Home » News/Views » Britain-wide view gaining ground in Scotland

Britain-wide view gaining ground in Scotland

May Day 2023 march, Glasgow. Photo Workers.

With the SNP administration in crisis, Scots can see that many of the strikes for better wages and conditions are Britain-wide – as is the financial crisis…

As a revitalised May Day march wound its way through Glasgow earlier this year there was a palpable feeling of solidarity and optimism in the air among the two thousand trade unionists.

One buzz of conversation to be heard was of younger marchers being told that this route – from Glasgow’s central George Square to its southside Queen’s Park – was traversing the same roads that the famous African American singer Paul Robeson had walked when he led the march on 1 May 1960.

At the rally Robeson addressed the crowd of several thousand and sang a selection of his songs. This year music was again on display, with local groups singing, following speeches from various trade union representatives.

The energy shown on May Day had built up over several months of solidarity actions that had seen fellow trade unionists, students and community groups out on picket lines in support of striking workers. With most of the major British unions involved, the sense of a nation in struggle had grown and has not diminished.

A remarkable feature of both the picket lines and the May Day rally, organised by Glasgow Trade Union Council, was the large percentage of younger people involved and fully committed.

A large contingent of students were highlighting their own problems and were part of the Living Rent campaign, fighting against corporate landlords and unaffordable rent increases.

National campaigns

In all cases a firm UK perspective was gaining traction. Many of the strikes for better wages and conditions are Britain-wide, as is the financial crisis.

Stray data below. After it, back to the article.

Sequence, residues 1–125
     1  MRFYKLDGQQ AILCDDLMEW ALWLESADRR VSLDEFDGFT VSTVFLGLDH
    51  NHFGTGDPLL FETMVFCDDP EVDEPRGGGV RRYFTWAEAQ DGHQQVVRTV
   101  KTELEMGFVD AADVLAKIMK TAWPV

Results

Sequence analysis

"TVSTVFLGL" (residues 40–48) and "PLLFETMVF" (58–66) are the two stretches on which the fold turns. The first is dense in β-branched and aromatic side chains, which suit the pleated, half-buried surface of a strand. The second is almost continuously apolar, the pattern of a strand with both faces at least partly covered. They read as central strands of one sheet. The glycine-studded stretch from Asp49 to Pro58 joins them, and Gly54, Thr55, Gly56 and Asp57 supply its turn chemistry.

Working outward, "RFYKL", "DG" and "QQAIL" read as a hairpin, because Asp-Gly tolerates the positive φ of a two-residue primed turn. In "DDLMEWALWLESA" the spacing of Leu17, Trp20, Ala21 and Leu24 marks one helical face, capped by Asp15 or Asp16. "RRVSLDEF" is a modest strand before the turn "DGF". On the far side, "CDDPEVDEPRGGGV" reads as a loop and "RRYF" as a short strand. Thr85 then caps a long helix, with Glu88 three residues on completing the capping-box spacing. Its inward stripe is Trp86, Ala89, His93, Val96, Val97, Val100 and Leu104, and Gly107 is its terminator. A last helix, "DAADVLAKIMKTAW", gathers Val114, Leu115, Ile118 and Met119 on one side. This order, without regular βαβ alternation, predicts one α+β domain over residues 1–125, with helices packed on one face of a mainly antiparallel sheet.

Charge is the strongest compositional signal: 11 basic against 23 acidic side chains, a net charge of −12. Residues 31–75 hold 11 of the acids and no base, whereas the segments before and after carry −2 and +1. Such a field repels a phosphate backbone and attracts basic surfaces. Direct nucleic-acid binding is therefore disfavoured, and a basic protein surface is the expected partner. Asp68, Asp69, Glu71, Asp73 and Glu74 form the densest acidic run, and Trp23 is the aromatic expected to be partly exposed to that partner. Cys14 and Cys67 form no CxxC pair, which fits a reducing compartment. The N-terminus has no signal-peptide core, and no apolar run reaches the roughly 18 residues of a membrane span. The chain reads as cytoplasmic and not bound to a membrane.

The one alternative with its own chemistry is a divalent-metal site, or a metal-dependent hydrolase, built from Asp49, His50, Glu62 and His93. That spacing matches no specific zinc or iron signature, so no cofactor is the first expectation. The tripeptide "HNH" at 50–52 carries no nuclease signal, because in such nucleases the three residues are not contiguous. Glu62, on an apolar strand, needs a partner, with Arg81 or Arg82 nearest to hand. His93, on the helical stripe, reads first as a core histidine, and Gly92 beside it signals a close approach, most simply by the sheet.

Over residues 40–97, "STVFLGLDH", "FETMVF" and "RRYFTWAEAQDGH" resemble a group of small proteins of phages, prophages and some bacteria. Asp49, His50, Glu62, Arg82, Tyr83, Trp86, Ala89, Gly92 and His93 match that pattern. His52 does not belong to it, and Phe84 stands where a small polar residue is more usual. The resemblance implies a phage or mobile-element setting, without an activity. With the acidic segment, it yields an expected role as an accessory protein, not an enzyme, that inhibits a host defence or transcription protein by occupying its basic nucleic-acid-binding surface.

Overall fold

When interviewed by Workers back in March at the end of a large PCS and UCU strike solidarity rally in Glasgow, the Deputy General Secretary of the Scottish Trade Union Congress, Dave Moxham also showed this approach. He commented:

“We’ve been joined by a whole range of supportive trade unions – and the message here today, and it’s a message right across the UK, is that no worker who is currently on industrial action will be giving up until they receive pay justice and no part of the trade union movement will be leaving them behind. We’re in it for the long haul.”

Recent disputes have brought workers into direct confrontation with the troubled Scottish National Party-Scottish Greens coalition at Holyrood in Edinburgh.

The disarray of these separatist forces continues apace, with the arrest of the former First Minister, Nicola Sturgeon. For example, they were accused by Unison, Britain’s largest union, of a privatisation agenda which would remove powers from local councils and the NHS, transferring them to quangos with members appointed by ministers.

At its recent annual conference in Liverpool, Unison called upon the Scottish Government to withdraw the Bill that would enable this.

Kate Ramsden, a social worker in Aberdeenshire and member of Unison’s National Executive, told the conference that this Bill “offers nothing at all to our social care members but, if passed, will devastate local government by taking staff, functions and services out of councils and give them to unelected quangos.”

She warned that the plans would be “an outsourcer’s charter which would expand rather than remove the market in care and would re-create the purchaser/ provider split in the NHS.” This campaign continues and will build – the Bill is not due to be voted on in the Scottish Parliament until January 2024.